I have on many occasions warned against overestimating the power of empathy. Today’s therapists seem to believe that they possess a superior capacity for empathy. They imagine that they are in the business of doling it out to their patients.
Moreover, they want their patients to feel the pain and suffering of other people more deeply. This, the therapists believe, will make their patients healthier and more compassionate human beings. Why limit yourself to suffering your own problems? You should extend your capacity to suffer to the pain of other people?
It was tosh then. It’s tosh now.
One will not review the literature and the debates about empathy today. Be thankful for that. One will, however, present the latest study from the field of social psychology wherein the researchers identified something that they called an “empathy gap.”
What, pray tell, is an empathy gap?
In brief, those who have an empathy gap have suffered a misfortune or adversity and have successfully surmounted it. Consequently, they will feel less compassion for those who are suffering the same misfortune but have not surmounted it.
The Daily Mail has the story:
Researchers claim that having experience of the same problems as someone else could make you less empathetic to their plight.
This is because we tend to forget the pain of past hardships, and so we have less compassion for people dealing with the same problems.
If we've already conquered an issue, we often feel like others should be able to do the same.
It sounds perfectly rational, doesn’t it? And yet, it recalls a time in the not-so-distant past when women therapists were selling their services to prospective female patients by saying that only a woman can really understand another woman. Only a being with a womb and XX chromosomes could possible empathize with another being with a womb and XX chromosomes.
Of course, these same therapists also asserted that no man can ever be trusted. Incipient or actual patriarchs could only exploit and abuse women. A woman should never put herself under the care of such a creature. At the least, it was an effective marketing plan.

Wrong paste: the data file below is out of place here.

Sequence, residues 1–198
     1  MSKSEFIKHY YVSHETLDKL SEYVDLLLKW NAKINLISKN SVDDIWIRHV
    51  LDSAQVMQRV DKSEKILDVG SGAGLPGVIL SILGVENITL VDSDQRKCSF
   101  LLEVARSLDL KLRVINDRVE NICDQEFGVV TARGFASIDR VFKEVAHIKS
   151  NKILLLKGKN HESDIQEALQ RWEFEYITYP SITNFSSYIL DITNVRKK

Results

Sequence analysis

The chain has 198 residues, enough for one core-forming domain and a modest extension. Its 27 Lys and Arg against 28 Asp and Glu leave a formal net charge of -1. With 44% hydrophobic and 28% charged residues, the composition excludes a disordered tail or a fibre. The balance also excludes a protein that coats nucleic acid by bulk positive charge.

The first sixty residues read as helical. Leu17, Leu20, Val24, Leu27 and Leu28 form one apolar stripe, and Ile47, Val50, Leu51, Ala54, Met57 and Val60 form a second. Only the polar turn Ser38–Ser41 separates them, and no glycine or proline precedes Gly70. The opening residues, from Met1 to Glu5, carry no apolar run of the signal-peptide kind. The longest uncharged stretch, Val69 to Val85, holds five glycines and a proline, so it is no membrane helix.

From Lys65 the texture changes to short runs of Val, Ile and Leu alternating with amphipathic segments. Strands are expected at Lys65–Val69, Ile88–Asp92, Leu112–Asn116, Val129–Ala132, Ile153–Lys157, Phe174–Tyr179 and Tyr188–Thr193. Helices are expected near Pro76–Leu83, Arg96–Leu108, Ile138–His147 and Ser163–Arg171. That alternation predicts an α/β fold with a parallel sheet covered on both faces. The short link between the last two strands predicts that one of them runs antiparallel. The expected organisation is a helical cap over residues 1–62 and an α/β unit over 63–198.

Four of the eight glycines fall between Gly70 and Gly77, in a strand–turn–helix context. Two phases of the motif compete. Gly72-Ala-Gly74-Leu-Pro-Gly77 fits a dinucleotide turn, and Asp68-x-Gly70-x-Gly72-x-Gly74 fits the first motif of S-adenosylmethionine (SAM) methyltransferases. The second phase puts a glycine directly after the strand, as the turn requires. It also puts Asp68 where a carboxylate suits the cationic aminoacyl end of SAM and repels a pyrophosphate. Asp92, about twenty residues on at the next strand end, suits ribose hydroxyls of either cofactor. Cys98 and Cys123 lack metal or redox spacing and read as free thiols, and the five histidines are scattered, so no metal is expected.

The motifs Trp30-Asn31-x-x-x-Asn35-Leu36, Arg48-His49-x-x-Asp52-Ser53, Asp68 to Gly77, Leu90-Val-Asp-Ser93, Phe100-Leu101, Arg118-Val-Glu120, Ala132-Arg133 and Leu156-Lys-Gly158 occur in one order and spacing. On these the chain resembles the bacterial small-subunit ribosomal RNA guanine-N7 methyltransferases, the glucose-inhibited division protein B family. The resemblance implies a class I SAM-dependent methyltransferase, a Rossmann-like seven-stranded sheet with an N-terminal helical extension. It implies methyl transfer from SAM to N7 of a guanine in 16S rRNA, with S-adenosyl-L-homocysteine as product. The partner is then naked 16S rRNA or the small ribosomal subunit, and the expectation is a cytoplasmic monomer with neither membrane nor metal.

Anyway, we now know the truth. A woman therapist who has suffered through women’s problems and has overcome them will be less compassionate toward a woman who is suffering the same problems but has failed to surmount them.
It’s hard to imagine, but women’s much vaunted capacity for empathy--capacity that effectively has nothing to do with the studies one undergoes to gain accreditation as a therapist-- is a double-edged sword. A woman therapist might very well feel another woman’s pain more viscerally than a man, but if she has overcome the issue in question she will look down on a woman who has failed to do so.
Naturally, some therapists have not bought into all the tosh about empathy. They might not feel exasperated at someone who has not overcome a problem that they had long since conquered. Instead, they might be willing to use the lessons they learned from their life experience and apply them to other people’s situations.
As long as a therapist does not feel that his or her role is to feel your pain, his or her value might lie in his or her being older and wiser. Better to seek out wise, old therapists than therapists who are younger and more emotionally labile.